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Siemens Releases Software for Distributed Energy Resources

May 19, 2022
Software speeds up grid simulations up to 6 times and increases efficiency in grid management tasks by 85 percent.

Siemens Smart Infrastructure has announced an open, modular suite of grid software to address the increasingly critical energy transition.

Siemens has made steps to improve its offering for smart meter data management such as a cloud native option or improved task efficiency by up to 85 percent by redefining the user experience. Siemens’ software also enables customers to run grid protection simulations up to six times faster than the current speed of execution, supporting utilities to better plan, operate and maintain power networks.

All upcoming modules of the software suite from Siemens will be developed following specific design principles to interact seamlessly and enable agility. At the same time, they will keep the power grid cyber resilient while also creating a digital twin of the grid throughout planning, simulation, real-time operations and maintenance of power grids.

“The speed and scale of changes in the energy system are unprecedented, as distributed energy resources grow exponentially. Power grids are at the heart of a sustainable energy system and are becoming increasingly more complex. We cannot manage this complexity without open, modular and interoperable software,” said Sabine Erlinghagen, CEO of Grid Software at Siemens Smart Infrastructure. “By introducing the most comprehensive software suite in the market to date, we are leading the change to shape the grids of the future to a 100 percent renewable world. We are aware we cannot achieve the energy transition alone – we work with customers and partners.”

Siemens is collaborating with other companies to find ways to plan, operate, maintain and optimize power grids. Working closely with customers that use Siemens’ software will support faster adoption and integration. To date, partners include companies such as CESC Limited (India), CMY Solutions (USA), Elvia (Norway), Hawaiian Electric (USA), IRETI (Italy), KNG-Kärnten Netz GmbH (Austria), Quanta Technology (USA), Stadtwerke Flensburg (Germany) and Statnett (Norway).

Siemens is also open to complementary product partners aspiring to jointly innovate in the grid software space and will foster its partner network to support customers’ workflows end-to-end.

A look at the energy landscape explains the urgent need to bring intelligence to a vast and complex system that forms the backbone of economies. Worldwide, electricity consumption is forecast to double by 2050. Through 2030, Guidehouse Insights forecast a seven-fold growth in new distributed energy resources (DERs) annually with fluctuating infeed and demand.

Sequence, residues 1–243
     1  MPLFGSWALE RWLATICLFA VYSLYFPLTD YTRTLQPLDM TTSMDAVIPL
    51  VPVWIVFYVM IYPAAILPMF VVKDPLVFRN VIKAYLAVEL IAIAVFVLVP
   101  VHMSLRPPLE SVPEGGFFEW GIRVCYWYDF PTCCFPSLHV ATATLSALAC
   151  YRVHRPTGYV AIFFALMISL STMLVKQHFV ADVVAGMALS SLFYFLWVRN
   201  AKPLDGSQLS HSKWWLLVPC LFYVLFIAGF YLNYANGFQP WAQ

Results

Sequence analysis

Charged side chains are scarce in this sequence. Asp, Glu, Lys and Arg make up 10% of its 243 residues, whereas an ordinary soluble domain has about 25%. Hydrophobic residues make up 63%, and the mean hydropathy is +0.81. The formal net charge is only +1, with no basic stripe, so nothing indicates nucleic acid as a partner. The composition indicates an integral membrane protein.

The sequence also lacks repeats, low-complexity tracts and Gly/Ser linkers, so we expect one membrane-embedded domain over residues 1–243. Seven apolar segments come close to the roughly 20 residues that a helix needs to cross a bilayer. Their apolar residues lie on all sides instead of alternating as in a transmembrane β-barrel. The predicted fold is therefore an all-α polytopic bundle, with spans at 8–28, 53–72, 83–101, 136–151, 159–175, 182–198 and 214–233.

In 2020, five million assets were introduced to the supply and demand side. The DERs are connected to the power grid mostly on the low voltage level where grid operators to-date have not achieved much transparency. Due to the intermittent nature of the DERs, it is much harder for grid operators to control the power grid and predict what will happen next.

Experts expect a doubling of the market volume for grid software from $8 billion in 2019 to roughly $17 billion in 2028. During Capital Market Day in 2021, Siemens Smart Infrastructure committed to doubling its digital revenue to EUR 1.5 billion by fiscal year 2025 from EUR 750 million in fiscal 2021.

About 70 percent of the world’s electricity consumption or 16,000 terawatt hours each year already flows through infrastructure simulated by Siemens’ grid software. Today, 1,300 control center systems – that operate and control grids - based on Siemens’ software are in operation worldwide, keeping the lights on for hundreds of millions of people. With approximately 100 million contracted smart meters, in use by over 200 utilities globally, the meter data management software EnergyIP is a rich source of data at the low-voltage grid level.

 The new grid software offering enables energy companies to easily and quickly implement smart technology for their grid planning and management. These IT upgrades will be faster and less costly than investments in hardware. Through the modular approach, the parts will fit together and can be tailored to meet the individual needs of grid operators. With seamless integration of IT and OT elements, thanks to one unified network model, customers can synchronize data easily across their IT and OT systems, including their grid planning software, meter data management systems, geographical information systems (GIS) and advanced distribution management systems (ADMS), and then optimize workflows end to end.

Insights from analytics and AI will be directly transferred into actions, which lead to improvements in grid operations. This allows a shift from a deterministic to a probabilistic management approach, fostering the integration of a large number of distributed energy resources. Additionally, across its power grid portfolio, Siemens meets strict cyber security requirements, security standards, and regular security updates. 

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